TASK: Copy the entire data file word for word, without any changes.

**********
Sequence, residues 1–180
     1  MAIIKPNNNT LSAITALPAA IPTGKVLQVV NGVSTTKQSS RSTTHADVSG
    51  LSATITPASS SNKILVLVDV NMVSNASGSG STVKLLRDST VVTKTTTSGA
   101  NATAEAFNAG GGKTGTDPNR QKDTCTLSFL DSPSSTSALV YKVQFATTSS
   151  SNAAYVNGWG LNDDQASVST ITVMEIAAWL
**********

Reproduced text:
Sequence, residues 1–180
     1  MAIIKPNNNT LSAITALPAA IPTGKVLQVV NGVSTTKQSS RSTTHADVSG
    51  LSATITPASS SNKILVLVDV NMVSNASGSG STVKLLRDST VVTKTTTSGA
   101  NATAEAFNAG GGKTGTDPNR QKDTCTLSFL DSPSSTSALV YKVQFATTSS
   151  SNAAYVNGWG LNDDQASVST ITVMEIAAWL